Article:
looms in cotton factories? For all these must hold their peace
while employed, and let the machinery do the chatting; they
cannot even edge in a single syllable.

Now, this theory about the wondrous influence of habitual sights and
sounds upon the human temper, was suggested by my experiences on board
our frigate. And al-though I regard the example furnished by our
quarter-gunners--especially him who had once been our top-mate--as by
far the strongest argument in favour of the general theory; yet, the
entire ship abounded with illustrations of its truth. Who were more
liberal-hearted, lofty-minded, gayer, more jocund, elastic, adventurous,
given to fun and frolic, than the top-men of the fore, main, and mizzen
masts? The reason of their liberal-heartedness was, that they were daily
called upon to expatiate themselves all over the rigging. The reason of
their lofty-mindedness was, that they were high lifted above the petty
tumults, carping cares, and paltrinesses of the decks below.

And I feel persuaded in my inmost soul, that it is to the fact of
my having been a main-top-man; and especially my particular post
being on the loftiest yard of the frigate, the main-royal-yard;
that I am now enabled to give such a free, broad, off-hand,
bird's-eye, and, more than all, impartial account of our man-of-war
world; withholding nothing; inventing nothing; nor flattering, nor
scandalising any; but meting out to all--commodore and messenger-boy
alike--their precise descriptions and deserts.

The reason of the mirthfulness of these top-men was, that they
always looked out upon the blue, boundless, dimpled, laughing,
sunny sea. Nor do I hold, that it militates against this theory,
that of a stormy day, when the face of the ocean was black, and
overcast, that some of them would grow moody, and chose to sit
apart. On the contrary, it only proves the thing which I
maintain. For even on shore, there are many people naturally gay
and light-hearted, who, whenever the autumnal wind begins to
bluster round the corners, and roar along the chimney-stacks,
straight becomes cross, petulant, and irritable. What is more
mellow than fine old ale? Yet thunder will sour the best nut-
brown ever brewed.

The _Holders_ of our frigate, the Troglodytes, who lived down in
the tarry cellars and caves below the berth-deck, were, nearly
all of them, men of gloomy dispositions, taking sour views of
things; one of them was a blue-light Calvinist. Whereas, the old-
sheet-anchor-men, who spent their time in the bracing sea-air and
broad-cast sunshine of the forecastle, were free, generous-
hearted, charitable, and full of good-will to all hands; though
some of them, to tell the truth, proved sad exceptions; but
exceptions only prove the rule.

The "steady-cooks" on the berth-deck, the "steady-sweepers," and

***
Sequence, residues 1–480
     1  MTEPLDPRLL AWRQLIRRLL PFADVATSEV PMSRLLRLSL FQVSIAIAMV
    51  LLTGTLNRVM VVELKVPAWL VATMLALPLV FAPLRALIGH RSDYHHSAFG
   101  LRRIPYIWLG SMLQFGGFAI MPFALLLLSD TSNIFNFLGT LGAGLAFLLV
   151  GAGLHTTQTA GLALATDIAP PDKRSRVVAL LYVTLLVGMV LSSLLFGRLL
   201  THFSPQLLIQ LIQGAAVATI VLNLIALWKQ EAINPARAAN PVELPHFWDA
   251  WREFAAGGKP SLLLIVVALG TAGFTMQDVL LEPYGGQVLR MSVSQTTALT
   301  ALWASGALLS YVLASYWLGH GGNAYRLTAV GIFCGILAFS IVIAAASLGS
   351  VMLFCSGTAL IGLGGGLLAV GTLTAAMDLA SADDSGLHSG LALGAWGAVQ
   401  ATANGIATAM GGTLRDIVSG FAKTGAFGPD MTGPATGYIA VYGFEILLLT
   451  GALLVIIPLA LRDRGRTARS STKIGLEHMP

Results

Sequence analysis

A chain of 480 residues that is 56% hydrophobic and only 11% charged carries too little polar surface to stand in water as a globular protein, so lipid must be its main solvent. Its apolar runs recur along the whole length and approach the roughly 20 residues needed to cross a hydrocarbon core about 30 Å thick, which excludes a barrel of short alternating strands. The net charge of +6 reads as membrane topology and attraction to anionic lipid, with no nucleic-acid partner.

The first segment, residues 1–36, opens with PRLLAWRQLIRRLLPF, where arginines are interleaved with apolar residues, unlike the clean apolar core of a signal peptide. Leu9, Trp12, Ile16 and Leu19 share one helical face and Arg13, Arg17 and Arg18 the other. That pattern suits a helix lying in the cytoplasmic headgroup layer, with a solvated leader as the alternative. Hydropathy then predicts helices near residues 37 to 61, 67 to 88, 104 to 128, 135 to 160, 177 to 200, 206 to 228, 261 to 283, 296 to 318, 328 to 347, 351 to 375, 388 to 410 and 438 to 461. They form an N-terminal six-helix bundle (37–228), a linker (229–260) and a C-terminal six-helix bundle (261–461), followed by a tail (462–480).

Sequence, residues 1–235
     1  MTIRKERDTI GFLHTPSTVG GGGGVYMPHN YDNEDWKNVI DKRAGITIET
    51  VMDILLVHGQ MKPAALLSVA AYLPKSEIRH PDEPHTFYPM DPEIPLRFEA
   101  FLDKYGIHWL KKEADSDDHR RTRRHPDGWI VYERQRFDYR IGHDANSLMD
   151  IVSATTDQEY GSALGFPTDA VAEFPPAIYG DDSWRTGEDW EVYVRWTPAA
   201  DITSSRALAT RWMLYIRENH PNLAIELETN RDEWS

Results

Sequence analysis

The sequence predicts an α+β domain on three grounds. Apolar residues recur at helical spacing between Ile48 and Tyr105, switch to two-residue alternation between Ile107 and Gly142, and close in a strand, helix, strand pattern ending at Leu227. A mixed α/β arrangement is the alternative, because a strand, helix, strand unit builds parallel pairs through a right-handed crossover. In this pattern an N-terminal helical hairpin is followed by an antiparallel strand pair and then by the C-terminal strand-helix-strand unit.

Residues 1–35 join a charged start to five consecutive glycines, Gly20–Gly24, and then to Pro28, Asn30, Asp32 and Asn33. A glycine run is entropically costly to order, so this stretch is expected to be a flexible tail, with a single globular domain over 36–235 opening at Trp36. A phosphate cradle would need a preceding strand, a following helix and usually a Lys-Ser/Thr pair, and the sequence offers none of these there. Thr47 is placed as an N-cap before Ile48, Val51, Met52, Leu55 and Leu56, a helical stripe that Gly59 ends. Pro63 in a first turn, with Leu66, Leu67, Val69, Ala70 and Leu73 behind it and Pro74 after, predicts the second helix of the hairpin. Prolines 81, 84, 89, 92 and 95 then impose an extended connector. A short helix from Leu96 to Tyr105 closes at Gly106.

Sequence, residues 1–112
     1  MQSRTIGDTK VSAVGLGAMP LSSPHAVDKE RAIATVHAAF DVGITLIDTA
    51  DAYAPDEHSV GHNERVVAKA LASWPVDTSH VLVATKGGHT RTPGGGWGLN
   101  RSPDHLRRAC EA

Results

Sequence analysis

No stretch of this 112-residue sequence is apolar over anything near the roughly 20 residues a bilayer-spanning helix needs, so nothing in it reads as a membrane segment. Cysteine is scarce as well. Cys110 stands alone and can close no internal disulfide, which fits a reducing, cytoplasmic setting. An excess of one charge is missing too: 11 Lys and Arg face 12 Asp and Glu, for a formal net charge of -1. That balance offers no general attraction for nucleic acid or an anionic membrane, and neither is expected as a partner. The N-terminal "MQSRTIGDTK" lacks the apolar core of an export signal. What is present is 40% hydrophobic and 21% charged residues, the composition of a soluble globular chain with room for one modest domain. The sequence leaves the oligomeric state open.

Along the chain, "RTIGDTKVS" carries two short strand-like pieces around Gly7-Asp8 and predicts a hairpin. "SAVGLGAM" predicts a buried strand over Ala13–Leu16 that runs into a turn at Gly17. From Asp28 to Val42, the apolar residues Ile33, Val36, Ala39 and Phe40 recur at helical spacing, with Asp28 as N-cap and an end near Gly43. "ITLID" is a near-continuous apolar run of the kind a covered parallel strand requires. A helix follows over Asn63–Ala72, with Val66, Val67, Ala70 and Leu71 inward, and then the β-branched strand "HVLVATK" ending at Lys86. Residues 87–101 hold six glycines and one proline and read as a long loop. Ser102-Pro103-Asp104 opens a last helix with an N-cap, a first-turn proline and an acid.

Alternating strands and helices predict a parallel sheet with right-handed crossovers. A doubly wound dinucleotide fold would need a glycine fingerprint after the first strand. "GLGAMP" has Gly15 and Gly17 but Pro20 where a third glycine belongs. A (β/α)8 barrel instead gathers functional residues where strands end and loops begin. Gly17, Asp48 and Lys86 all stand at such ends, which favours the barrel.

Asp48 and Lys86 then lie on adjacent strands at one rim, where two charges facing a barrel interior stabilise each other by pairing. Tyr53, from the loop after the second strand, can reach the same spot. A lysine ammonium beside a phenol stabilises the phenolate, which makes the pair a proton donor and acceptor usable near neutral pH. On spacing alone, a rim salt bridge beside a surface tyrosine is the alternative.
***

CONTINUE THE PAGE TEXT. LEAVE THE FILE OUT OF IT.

"steady-spit-box-musterers," in all divisions of the frigate,
fore and aft, were a narrow-minded set; with contracted souls;
imputable, no doubt, to their groveling duties. More especially
was this evinced in the case of those odious ditchers and night
scavengers, the ignoble "Waisters."

The members of the band, some ten or twelve in number, who had
nothing to do but keep their instruments polished, and play a
lively air now and then, to stir the stagnant current in our
poor old Commodore's torpid veins, were the most gleeful set of
fellows you ever saw. They were Portuguese, who had been shipped
at the Cape De Verd islands, on the passage out. They messed by
themselves; forming a dinner-party, not to be exceeded ire
mirthfulness, by a club of young bridegrooms, three months after
marriage, completely satisfied with their bargains, after testing

But what made them, now, so full of fun? What indeed but their
merry, martial, mellow calling. Who could he a churl, and play a
flageolet? who mean and spiritless, braying forth the souls of
thousand heroes from his brazen trump? But still more efficacious,
perhaps, in ministering to the light spirits of the band, was the
consoling thought, that should the ship ever go into action, they
would be exempted from the perils of battle. In ships of war, the
members of the "music," as the band is called, are generally
non-combatants; and mostly ship, with the express understanding,
that as soon as the vessel comes within long gun-shot of an enemy,
they shall have the privilege of burrowing down in the cable-tiers,
or sea coal-hole. Which shows that they are inglorious, but
uncommonly sensible fellows.

Look at the barons of the gun-room--Lieutenants, Purser, Marine
officers, Sailing-master--all of them gentlemen with stiff upper
lips, and aristocratic cut noses. Why was this? Will any one
deny, that from their living so long in high military life,
served by a crowd of menial stewards and cot-boys, and always
accustomed to command right and left; will any one deny, I say,
that by reason of this, their very noses had become thin, peaked,
aquiline, and aristocratically cartilaginous? Even old Cuticle,
the Surgeon, had a Roman nose.

But I never could account how it came to be, that our grey headed
First Lieutenant was a little lop-sided; that is, one of his
shoulders disproportionately dropped. And when I observed, that
nearly all the First Lieutenants I saw in other men-of-war,
besides many Second and Third Lieutenants, were similarly lop-
sided, I knew that there must be some general law which induced
the phenomenon; and I put myself to studying it out, as an
interesting problem. At last, I came to the conclusion--to which
I still adhere--that their so long wearing only one epaulet (for
to only one does their rank entitle them) was the infallible clew
to this mystery. And when any one reflects upon so well-known a
fact, that many sea Lieutenants grow decrepit from age, without
attaining a Captaincy and wearing _two_ epaulets, which would
strike the balance between their shoulders, the above reason
assigned will not appear unwarrantable.


Herman Melville